The health minister has said he will begin looking for a candidate to
succeed Mrs Musilkova at the VZP, saying he would discuss suitable
candidates with the VZP's board of directors and members of different
political parties. He has also indicated that forced administration of
the VZP could end as soon as January.
Mrs Musilkova's stepping down was conditional to the forced administration wrapping up. The minister is expected to put forward several names over the next few days.
Czech Foreign Minister Cyril Svoboda has met with his new German counterpart Frank Walter Steinmeier, to discuss a number of foreign policy issues including the movement of labour and the European Union's budget outline for the years 2007 - 2013. Meeting in Berlin, Germany's Foreign Minister outlined no changes from the previous government on the transition period banning members of new EU countries from working in Germany. At the same time, Czech Foreign Minister Cyril Svoboda stressed that Czechs represented no danger for the German labour market. During their meeting Svoboda and Steinmeier also discussed a project looking at the historic expulsion of ethnic Germans from parts of Europe - including Poland and Czechoslovakia - after World War II.
Jirina Musilkova, the head of the country's largest health insurance company, the VZP, has said she will step down on January 1st, 2006. Mrs Musilkova made the announcement on Friday, citing political pressure on her and co-workers as the reason for her decision. Both the prime minister and the health minister, David Rath, have strongly criticised Musilkova in recent weeks for alleged mismanagement, leading the VZP into billions of crowns of debt. Both had called for her resignation, and earlier this month the health minister brought the insurer under forced administration. Not all, however, have rated Mrs Musilkova negatively: on Saturday President Vaclav Klaus praised Musilkova's work, saying he hoped those involved would find the strength to thank the outgoing VZP head for 'many years of service'. Musilkova has headed the state-owned company for seven years.
Around 30,000 trade union members demonstrated in Prague on Saturday in support of new labour legislation proposed by the ruling Social Democrats. The amendment, passed in a first reading in the lower house, has been criticised by some experts as well as government coalition members and the opposition right-of-centre Civic Democrats. The smaller parties in government would like to curb the influence of trade unions set-out in the amendment, while trade unionists want no further changes. The draft has also said to contradict the Constitution in a number of areas, a charge denied by the unions.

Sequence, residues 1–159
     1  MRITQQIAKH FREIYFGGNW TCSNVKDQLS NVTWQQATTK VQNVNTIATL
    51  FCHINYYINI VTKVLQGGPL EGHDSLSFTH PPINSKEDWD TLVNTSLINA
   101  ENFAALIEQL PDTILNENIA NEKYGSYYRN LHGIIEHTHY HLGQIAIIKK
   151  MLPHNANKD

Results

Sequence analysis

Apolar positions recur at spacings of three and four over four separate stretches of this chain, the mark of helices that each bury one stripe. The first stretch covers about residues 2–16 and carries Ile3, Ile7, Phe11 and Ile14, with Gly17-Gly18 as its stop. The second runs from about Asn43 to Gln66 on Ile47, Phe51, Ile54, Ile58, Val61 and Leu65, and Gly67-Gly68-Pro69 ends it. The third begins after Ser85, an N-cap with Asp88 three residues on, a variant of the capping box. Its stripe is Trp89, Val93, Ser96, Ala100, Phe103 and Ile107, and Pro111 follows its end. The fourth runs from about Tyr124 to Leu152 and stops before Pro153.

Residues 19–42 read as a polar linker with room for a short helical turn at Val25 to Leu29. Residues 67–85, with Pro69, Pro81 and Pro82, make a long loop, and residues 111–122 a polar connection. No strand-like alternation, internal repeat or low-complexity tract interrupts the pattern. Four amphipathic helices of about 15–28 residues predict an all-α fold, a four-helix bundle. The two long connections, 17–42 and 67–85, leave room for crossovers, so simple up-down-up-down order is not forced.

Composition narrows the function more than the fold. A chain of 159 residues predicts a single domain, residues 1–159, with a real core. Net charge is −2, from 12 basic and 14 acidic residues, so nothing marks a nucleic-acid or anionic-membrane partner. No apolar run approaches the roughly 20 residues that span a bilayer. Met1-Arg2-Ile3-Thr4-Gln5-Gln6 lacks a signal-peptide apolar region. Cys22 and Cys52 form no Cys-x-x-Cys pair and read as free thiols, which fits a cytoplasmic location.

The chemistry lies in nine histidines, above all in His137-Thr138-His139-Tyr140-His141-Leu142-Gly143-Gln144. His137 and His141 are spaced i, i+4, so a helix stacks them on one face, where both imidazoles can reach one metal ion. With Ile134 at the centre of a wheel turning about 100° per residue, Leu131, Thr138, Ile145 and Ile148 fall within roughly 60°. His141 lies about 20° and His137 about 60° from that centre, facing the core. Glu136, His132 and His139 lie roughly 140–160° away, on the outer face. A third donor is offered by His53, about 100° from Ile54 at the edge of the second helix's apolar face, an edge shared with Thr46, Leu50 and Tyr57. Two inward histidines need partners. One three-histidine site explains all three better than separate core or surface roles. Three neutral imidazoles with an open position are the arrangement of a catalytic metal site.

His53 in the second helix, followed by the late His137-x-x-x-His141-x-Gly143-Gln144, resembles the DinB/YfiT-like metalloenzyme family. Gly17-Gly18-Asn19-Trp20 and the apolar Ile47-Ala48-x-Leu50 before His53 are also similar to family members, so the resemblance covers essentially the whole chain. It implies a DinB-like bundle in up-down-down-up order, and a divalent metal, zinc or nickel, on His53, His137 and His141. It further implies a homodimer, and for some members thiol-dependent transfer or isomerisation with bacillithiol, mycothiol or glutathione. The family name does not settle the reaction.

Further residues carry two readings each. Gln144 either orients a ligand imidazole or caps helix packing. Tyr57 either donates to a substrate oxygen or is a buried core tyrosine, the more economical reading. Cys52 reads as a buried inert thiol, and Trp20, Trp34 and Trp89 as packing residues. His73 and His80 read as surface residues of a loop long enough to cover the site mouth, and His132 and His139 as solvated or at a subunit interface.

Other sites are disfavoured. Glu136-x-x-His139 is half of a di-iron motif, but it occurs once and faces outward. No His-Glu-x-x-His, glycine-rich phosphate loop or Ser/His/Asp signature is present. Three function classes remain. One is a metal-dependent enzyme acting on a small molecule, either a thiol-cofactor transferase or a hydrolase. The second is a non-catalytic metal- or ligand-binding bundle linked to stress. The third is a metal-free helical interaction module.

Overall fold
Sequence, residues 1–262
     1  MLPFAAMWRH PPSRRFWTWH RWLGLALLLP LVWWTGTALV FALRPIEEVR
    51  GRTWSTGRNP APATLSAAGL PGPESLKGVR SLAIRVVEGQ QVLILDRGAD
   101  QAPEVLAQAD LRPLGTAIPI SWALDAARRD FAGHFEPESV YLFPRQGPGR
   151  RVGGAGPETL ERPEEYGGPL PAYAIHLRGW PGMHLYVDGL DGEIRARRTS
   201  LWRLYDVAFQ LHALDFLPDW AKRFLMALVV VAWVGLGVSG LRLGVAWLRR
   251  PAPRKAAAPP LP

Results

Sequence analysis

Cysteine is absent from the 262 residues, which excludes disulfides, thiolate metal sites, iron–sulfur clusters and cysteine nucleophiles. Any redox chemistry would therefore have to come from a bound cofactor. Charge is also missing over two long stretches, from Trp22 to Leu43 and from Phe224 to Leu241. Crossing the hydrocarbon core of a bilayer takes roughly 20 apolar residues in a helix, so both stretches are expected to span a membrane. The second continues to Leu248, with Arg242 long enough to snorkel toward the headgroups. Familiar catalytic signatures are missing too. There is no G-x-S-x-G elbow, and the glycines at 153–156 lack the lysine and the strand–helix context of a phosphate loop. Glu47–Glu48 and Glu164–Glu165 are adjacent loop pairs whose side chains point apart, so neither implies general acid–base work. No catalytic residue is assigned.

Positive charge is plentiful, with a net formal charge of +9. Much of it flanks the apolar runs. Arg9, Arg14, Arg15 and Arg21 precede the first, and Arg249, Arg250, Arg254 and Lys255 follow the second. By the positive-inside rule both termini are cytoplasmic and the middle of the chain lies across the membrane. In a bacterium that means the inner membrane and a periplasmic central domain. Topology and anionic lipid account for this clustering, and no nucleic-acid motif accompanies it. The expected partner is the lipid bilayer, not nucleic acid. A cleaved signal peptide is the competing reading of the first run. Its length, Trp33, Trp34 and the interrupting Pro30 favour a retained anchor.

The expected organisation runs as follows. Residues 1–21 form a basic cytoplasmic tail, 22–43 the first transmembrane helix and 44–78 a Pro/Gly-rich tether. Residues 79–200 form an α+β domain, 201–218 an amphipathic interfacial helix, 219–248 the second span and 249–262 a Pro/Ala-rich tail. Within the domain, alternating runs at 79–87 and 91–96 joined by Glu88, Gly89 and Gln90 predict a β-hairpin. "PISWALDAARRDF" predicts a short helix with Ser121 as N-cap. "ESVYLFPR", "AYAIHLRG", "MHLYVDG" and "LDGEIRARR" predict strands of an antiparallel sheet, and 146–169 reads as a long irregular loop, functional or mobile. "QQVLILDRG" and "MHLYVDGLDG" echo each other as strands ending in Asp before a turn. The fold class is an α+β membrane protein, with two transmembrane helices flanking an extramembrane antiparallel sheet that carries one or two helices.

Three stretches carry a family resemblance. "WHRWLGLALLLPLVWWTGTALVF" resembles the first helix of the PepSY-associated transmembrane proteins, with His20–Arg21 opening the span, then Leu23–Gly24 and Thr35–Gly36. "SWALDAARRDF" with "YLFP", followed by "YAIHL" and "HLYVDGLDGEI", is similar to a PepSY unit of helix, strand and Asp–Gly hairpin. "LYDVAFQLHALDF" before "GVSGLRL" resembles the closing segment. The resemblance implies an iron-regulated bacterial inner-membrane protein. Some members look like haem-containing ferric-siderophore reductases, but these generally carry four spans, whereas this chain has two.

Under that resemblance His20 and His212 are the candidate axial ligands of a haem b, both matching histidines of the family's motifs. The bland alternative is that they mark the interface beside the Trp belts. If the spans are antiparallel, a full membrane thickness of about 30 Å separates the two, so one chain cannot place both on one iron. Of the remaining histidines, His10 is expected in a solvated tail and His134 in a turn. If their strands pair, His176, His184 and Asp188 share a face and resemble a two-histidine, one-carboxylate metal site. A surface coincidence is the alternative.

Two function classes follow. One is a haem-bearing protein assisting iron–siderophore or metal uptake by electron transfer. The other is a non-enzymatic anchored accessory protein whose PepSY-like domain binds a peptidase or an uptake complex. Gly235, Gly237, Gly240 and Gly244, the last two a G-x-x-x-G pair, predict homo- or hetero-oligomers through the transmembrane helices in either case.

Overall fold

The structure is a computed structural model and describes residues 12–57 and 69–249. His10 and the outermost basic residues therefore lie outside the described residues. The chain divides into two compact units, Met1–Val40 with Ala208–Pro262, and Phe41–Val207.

Speaking in Brno on Saturday, the head of the Christian Democratic Party, Miroslav Kalousek, warned of growing influence by the Communist Party under current Prime Minister and Social Democrat Jiri Paroubek. Mr Kalousek alluded to the so-called "threat" during Saturday's party congress of the opposition Civic Democrats, who unveiled their election strategy ahead of next year's election. Both the Christian Democrats and the Civic Democrats have consistently ruled-out co-operation with the Communists, while the current prime minister has suggested the Communists could play a greater role in Czech politics in the future. Despite being one of the few unreformed leftist parties remaining in post-communist Europe, the Czech Communist Party enjoys relatively high voter support. Recent opinion polls place the party 3rd among voters, at around 13 percent.
Civic Democrat chairman Mirek Topolanek says he will resign if he is
unable to form a government after elections next June. Mr Topolanek made
the comment in a newspaper interview on the eve of his party's annual
conference in Brno.
The right-wing Civic Democrats have been ahead in the opinion polls for some time but have conceded ground to the governing Social Democrats since Jiri Paroubek became prime minister this year.
The rate of HIV infection is rising relatively slowly in the Czech
Republic, with 70 new cases recorded so far this year, Miroslav Hlavaty
of the charity AIDS pomoc said on Friday.
Mr Hlavaty warned that young Czechs were unworried about catching HIV, with only 20 percent saying they use condoms the first time they sleep with a new partner.
According to the latest available figures over 800 Czechs are HIV positive and almost 200 have AIDS.
Legendary British rock band the Rolling Stones are set to play in the
Czech Republic's second city Brno next summer, with the promoters due
to announce the exact date next week.
The Rolling Stones were one of the first big foreign rock bands to appear in Czechoslovakia after the fall of communism when they performed at Prague's Strahov stadium in August 1990. They have since played here several times.
Czechs are the leading smokers of marijuana in Europe, suggests a
survey of EU states and Norway, Bulgaria and Romania which has just
been published. Some 22% of 15- to 34-year-old Czechs questioned
admitted to smoking the drug in the previous year.
The Czech Republic is also among the leading countries when it comes to the use of ecstasy, so-called magic mushrooms and methamphetamines, suggests the data released by the European Monitoring Centre for Drugs and Drug Addiction.
Czech Republic opens up to more tourists from Europe and beyond as coronavirus travel restrictions eased
Brno scientists pair with Czech biotech firm to develop healing artificial tears
Facemask requirement eased but new restrictions for area hit by spike in Covid-19 cases
Traditional tourist sites open to visitors after long break
“There is no reason to panic” — says health minister about Karviná COVID-19 outbreak